Generational differences in risk perception and situational uses of wine information sources

Matthew J. Bauman, Natalia Velikova, Tim Dodd, Trey Blankenship

Research output: Contribution to journalArticle

1 Scopus citations

Abstract

Purpose: The purpose of this study is to examine generational differences in consumer Web 2.0 information source adoption for wine purchasing decisions, particularly social media and internet-based sources. Design/methodology/approach: An online survey resulted in 276 responses from wine consumers residing in Texas, USA. Information source usage was tested in two common purchasing situations: for casual and formal consumption. Chi-square analyses and ANOVA were used to examine differences among the generational cohorts in their use of information sources, levels of objective and subjective wine knowledge, wine involvement and risk perception for the two purchasing situations. Findings: Younger consumers were found to be significantly more inclined to use Web 2.0 information sources, such as wine blogs, wine applications, their contacts’ recommendations on social media and wine experts on social media. Older consumers were more likely to use their own wine knowledge. Of greater interest is that in terms of their reliance on various wine information sources, Generation X behaves as the bridge between Generation Y and Baby Boomers. Generational differences regarding wine involvement, wine knowledge and risk perception also support this notion. Practical implications: The results of this study reinforce the need for wineries to adopt or create strategic initiatives using Web 2.0 elements. This study also suggests that depending on the purchasing context, consumers use certain information sources more than others. Originality/value: This research extends the understanding of the information acquisition process by expanding the types of information sources, and also yields valuable insights for consumers’ off-premise wine purchasing decisions.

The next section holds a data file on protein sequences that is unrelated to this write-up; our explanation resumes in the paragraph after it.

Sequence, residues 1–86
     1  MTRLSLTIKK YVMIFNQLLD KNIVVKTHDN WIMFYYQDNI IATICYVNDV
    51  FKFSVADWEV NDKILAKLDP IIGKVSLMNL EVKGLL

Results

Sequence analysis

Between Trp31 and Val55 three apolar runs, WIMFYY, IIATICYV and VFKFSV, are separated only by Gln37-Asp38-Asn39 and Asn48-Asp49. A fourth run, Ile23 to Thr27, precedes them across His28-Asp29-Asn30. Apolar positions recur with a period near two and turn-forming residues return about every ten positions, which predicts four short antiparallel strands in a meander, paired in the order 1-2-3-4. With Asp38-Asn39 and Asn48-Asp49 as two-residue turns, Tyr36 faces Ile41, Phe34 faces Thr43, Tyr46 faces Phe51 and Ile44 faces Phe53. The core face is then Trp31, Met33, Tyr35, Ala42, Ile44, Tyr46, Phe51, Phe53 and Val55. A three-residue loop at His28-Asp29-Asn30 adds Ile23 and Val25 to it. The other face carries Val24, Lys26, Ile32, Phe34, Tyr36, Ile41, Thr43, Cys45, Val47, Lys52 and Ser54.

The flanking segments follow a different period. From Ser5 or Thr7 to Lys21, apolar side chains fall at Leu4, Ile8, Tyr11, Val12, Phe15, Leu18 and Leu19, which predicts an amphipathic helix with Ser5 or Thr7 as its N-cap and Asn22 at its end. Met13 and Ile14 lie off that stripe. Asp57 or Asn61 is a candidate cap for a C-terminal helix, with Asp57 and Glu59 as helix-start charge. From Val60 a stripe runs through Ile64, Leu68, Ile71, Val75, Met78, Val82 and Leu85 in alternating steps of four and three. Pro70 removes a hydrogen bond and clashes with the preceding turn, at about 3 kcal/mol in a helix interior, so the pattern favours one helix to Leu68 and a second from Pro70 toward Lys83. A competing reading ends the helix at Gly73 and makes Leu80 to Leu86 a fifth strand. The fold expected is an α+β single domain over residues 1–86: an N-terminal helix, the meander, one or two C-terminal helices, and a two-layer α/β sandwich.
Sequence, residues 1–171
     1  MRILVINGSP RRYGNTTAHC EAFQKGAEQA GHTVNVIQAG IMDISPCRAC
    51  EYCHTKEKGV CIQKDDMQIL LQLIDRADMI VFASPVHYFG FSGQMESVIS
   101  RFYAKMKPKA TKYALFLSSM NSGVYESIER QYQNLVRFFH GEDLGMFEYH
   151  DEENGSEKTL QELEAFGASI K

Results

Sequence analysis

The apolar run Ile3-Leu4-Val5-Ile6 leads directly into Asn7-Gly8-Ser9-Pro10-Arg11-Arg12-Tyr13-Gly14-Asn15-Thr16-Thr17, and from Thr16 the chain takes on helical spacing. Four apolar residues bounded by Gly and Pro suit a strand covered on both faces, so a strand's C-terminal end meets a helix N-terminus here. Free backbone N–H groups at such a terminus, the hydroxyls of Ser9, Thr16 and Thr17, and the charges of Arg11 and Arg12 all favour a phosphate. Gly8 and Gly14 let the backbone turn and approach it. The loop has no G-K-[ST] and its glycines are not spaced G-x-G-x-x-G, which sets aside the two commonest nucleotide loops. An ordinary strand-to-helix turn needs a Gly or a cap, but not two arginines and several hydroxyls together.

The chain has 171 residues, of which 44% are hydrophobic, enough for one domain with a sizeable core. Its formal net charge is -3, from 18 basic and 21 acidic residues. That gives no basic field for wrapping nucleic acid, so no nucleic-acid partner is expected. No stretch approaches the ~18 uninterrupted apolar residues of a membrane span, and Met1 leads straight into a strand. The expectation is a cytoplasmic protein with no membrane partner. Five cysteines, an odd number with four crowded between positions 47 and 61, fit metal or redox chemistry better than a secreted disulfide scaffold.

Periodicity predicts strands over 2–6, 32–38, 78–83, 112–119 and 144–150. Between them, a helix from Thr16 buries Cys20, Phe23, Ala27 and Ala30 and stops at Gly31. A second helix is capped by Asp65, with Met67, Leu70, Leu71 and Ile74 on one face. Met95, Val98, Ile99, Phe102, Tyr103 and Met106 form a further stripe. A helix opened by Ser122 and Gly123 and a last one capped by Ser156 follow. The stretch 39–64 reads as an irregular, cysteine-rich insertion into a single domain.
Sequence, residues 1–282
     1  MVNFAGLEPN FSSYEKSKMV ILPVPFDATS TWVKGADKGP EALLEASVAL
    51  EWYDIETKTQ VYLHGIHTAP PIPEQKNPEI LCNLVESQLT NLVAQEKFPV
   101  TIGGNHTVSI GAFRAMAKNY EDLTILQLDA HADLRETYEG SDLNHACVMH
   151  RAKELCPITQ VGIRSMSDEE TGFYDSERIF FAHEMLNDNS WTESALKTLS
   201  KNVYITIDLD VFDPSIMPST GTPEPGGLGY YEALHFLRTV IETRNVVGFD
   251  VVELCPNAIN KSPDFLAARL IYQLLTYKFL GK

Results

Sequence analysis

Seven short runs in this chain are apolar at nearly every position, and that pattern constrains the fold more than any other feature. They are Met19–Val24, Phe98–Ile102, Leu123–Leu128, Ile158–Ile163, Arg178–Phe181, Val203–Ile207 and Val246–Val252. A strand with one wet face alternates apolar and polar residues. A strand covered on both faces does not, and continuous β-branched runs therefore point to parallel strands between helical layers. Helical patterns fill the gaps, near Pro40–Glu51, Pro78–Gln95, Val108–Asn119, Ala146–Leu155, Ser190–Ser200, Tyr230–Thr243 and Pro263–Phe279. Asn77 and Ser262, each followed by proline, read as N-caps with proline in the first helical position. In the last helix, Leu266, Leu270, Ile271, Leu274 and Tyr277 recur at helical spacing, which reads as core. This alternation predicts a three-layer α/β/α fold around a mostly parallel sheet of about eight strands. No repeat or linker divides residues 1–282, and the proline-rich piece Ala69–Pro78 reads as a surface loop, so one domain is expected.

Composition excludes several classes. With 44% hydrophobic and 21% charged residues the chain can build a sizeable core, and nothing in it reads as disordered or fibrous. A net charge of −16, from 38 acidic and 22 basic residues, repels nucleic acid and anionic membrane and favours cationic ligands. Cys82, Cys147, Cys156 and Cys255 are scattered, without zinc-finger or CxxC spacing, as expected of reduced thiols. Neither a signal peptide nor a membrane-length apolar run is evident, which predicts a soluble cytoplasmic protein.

Original languageEnglish
Pages (from-to)247-265
Number of pages19
JournalInternational Journal of Wine Business Research
Volume32
Issue number2
DOIs
StatePublished - Nov 29 2019

Keywords

  • Generational cohort theory
  • Information sources
  • Perceived risk
  • Survey research
  • Surveys
  • Wine consumer behaviour
  • Wine involvement
  • Wine knowledge

Fingerprint Dive into the research topics of 'Generational differences in risk perception and situational uses of wine information sources'. Together they form a unique fingerprint.

Cite this